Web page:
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New Windsor, Maryland (USA)

Comet 46P/Wirtanen
Comet 46P/Wirtanen was photographed from Marstown on the night of Tuesday, December 18, 2018. The comet was closest to earth on the morning of December 16. At closest approach the comet was 7.2 million miles from earth, making it one of the closest comets in recent history.

Discovered in 1948, subsequent encounters with gas giant planet Jupiter has decreased the orbital period of this short term periodic comet from 6.7 to 5.5 years.

Image is a 30 second exposure at f5.6 and ISO 3200 through a 300mm telephoto lens with a Canon brand DSLR. Camera was mounted on a Sky Watcher™ brand German Equatorial mount, in order to compensate for the roation of the earth during the exposure.

Click on images to open larger image (546 KB) in a new window. (Photo credit: MTO)

Marstown Observatory is located in Carroll County, Maryland one mile from the unincorporated hamlet of Marston. The nearest town is historic New Windsor (established in 1797) located four miles northwest of the observatory. The closest major cities are Baltimore (30 miles ESE) and Washington, DC (50 miles S).

The Barmecide Feast

The Barmecide Feast
MTO attended a special exhibit preview at the Smithsonian Institution's National Air & Space Museum in Washington, DC exclusively for members of the National Air & Space Society. To commemorate the golden anniversary of the landmark movie 2001: A Space Odyssey, written and produced by Arthur C. Clark and Stanley Kubrick, the institute commissioned the recreation of a set from the film's dramatic ending. The name of the exhibit is The Barmecide Feast.

A frame grab from a DVD copy of the movie was used for creating the framing mask showing the view from inside one of the Extravehicular Activity (EVA) "pods" -- small single passenger shuttle craft from the science fiction story's spaceship Discovery 1. This imitates a scene from the movie depicting astronaut David Bowman standing in a simulated room in which the pod has become parked.

Click on images to open larger image (247 KB) in a new window. (Photo credit: Cindy Chillward)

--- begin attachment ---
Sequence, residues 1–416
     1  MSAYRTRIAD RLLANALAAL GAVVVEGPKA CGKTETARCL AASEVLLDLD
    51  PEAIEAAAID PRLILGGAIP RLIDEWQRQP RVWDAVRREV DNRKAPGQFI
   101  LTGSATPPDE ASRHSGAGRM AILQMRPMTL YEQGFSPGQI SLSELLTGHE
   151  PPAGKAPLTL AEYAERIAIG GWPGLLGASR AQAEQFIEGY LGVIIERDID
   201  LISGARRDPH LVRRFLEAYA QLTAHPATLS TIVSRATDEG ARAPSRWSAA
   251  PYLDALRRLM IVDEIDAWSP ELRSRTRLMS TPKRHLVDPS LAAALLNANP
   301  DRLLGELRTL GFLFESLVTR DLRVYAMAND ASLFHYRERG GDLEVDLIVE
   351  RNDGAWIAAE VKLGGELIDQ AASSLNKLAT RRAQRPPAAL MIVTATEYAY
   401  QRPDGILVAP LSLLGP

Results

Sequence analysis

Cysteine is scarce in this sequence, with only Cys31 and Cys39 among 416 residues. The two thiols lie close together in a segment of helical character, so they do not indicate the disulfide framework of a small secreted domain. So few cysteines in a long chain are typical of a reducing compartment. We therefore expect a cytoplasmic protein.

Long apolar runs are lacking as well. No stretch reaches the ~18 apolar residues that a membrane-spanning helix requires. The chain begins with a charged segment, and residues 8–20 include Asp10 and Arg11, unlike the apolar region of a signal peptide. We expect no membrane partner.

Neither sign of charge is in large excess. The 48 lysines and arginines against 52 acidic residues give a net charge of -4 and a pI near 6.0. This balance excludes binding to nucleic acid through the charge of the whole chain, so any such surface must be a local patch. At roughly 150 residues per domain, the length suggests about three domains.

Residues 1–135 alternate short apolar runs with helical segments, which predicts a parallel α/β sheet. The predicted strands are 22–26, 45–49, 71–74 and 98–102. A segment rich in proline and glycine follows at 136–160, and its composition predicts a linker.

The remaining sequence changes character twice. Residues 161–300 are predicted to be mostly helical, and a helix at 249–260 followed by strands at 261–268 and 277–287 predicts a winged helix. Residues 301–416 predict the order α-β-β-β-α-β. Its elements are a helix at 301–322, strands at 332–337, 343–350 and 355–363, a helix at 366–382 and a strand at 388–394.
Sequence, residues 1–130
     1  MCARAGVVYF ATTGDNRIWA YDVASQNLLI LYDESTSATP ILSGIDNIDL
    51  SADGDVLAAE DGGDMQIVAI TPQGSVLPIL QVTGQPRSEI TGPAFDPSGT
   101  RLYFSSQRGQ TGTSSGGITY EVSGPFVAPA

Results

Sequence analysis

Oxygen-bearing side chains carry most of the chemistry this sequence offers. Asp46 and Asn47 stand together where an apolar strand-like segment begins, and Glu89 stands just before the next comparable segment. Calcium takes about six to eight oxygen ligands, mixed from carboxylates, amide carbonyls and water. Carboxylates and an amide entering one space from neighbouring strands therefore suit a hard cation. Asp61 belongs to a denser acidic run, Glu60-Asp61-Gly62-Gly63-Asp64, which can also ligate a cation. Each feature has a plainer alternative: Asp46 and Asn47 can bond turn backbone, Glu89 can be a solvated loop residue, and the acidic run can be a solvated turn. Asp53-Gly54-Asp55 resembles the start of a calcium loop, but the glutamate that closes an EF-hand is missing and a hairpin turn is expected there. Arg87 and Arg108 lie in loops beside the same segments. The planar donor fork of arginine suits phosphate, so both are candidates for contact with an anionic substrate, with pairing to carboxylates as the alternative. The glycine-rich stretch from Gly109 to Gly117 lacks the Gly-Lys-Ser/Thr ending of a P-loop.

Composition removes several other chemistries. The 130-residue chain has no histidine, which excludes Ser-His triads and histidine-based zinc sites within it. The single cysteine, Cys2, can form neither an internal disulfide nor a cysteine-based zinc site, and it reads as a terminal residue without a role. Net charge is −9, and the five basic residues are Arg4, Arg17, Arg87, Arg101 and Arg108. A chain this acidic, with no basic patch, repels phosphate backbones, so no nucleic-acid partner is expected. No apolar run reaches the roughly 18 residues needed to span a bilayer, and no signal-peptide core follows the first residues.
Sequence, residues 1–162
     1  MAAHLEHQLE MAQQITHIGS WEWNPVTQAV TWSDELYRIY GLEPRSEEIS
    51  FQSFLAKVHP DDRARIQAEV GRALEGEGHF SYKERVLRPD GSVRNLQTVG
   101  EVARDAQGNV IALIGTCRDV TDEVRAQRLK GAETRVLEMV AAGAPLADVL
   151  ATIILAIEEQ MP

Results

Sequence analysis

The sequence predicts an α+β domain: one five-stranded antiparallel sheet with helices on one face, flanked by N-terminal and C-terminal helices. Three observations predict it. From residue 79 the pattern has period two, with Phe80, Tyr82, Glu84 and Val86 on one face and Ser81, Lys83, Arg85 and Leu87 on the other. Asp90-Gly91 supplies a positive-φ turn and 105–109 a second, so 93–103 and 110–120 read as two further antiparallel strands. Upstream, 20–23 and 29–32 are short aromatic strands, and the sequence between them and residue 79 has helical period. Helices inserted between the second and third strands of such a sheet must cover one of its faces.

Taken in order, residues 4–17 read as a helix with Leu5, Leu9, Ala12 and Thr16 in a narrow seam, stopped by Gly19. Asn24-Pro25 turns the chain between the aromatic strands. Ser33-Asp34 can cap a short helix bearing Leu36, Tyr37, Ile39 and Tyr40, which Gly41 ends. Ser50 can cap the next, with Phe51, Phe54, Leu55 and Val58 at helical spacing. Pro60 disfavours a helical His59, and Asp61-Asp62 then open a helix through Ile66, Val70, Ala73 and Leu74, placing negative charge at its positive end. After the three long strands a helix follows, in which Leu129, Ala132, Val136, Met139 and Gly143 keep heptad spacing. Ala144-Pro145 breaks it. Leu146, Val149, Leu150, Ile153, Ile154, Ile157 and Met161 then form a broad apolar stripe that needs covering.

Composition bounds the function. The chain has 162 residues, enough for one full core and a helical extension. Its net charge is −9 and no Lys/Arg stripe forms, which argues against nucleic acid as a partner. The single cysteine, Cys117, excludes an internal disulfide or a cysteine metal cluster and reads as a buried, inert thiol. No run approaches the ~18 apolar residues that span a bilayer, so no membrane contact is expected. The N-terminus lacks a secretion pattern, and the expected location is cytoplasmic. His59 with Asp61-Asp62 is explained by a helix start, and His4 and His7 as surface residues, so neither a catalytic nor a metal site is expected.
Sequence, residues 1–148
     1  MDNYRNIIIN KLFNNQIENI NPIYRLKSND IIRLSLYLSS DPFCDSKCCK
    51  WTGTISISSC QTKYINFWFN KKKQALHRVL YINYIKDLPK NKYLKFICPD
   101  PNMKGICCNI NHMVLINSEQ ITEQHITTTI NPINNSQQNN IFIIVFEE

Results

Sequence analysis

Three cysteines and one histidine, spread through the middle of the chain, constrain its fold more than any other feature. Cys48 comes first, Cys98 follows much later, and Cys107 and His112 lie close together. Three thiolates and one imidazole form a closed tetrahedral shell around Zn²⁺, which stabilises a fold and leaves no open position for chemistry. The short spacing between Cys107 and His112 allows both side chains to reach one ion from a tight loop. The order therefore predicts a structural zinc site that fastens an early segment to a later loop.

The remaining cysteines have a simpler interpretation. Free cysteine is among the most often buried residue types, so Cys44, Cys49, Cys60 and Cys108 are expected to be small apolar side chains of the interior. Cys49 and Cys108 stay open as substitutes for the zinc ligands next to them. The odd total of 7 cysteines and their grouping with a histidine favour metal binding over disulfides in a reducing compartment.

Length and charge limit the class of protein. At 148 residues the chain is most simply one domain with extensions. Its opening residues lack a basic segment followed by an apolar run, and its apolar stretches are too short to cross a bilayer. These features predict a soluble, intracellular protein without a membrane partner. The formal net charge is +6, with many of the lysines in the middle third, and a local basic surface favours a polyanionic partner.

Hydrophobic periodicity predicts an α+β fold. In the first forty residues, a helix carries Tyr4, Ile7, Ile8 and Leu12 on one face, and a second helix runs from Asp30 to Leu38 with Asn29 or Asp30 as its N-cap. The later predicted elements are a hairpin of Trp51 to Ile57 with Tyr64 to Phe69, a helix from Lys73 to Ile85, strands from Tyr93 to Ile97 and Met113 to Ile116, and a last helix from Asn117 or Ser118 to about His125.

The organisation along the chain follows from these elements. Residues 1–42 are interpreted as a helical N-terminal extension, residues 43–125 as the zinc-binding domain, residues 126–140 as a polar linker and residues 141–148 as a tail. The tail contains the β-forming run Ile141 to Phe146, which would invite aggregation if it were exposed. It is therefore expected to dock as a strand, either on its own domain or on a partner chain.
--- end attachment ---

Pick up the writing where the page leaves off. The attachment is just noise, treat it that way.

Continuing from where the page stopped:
Bailey's Beades during 2017 Total Solar Eclipse

Bailey's Beads
Image of "Bailey's Beads" just prior to 2nd Contact (start of totality) during the August 21, 2017 total solar eclipse. MTO viewed the eclipse 3.7 miles southwest of Dorchester, Nebraska and experienced 2m 33s of totality. Bailey's Beads are caused when the last sliver of sunlight is broken up by the mountains and valleys along the outer edge of the lunar disc.

The insert at right is the Kaguya/LRO limb profile chart showing the predicted orientations of mountains and valleys around the moon's edge, and taking into account its librations, at the time of eclipse as viewed from a specified location on the earth's surface. It also models the expected location of Bailey's Beads just prior to 2nd contact. The chart is from an interactive Google map of the central path of the eclipse prepared by Xavier M. Jubier.

Image taken with a Canon DSLR camera through an unfiltered Astro-Physics 5" F/8 Starfire refractor (1/250 sec. ISO 100).

Click on image to open full resolution image in a new window. (Photo credit: MTO)

Transit of Mercury Across the Face of the Sun

Transit of Mercury
The May 9, 2016 transit of Mercury as photographed by Nicholas Lara with a Smartphone held up to the eyepiece of his 8-inch Orion Dobsonian reflector telescope. Image was taken at the Eldersburg branch of the Carroll County library, one of several locations where members of the Westminster Astronomical Society had set up telescopes for public observing of the event.

Click on images to open larger image (247 KB) in a new window. (Photo credit: Nicolas Lara)

MTO would like to thank everyone who donated their time and materials, or helped in the construction of the observatory..
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Bear Branch Nature Center (Wesminter, MD)

Morgan County Observatory (Berkeley Springs, WV

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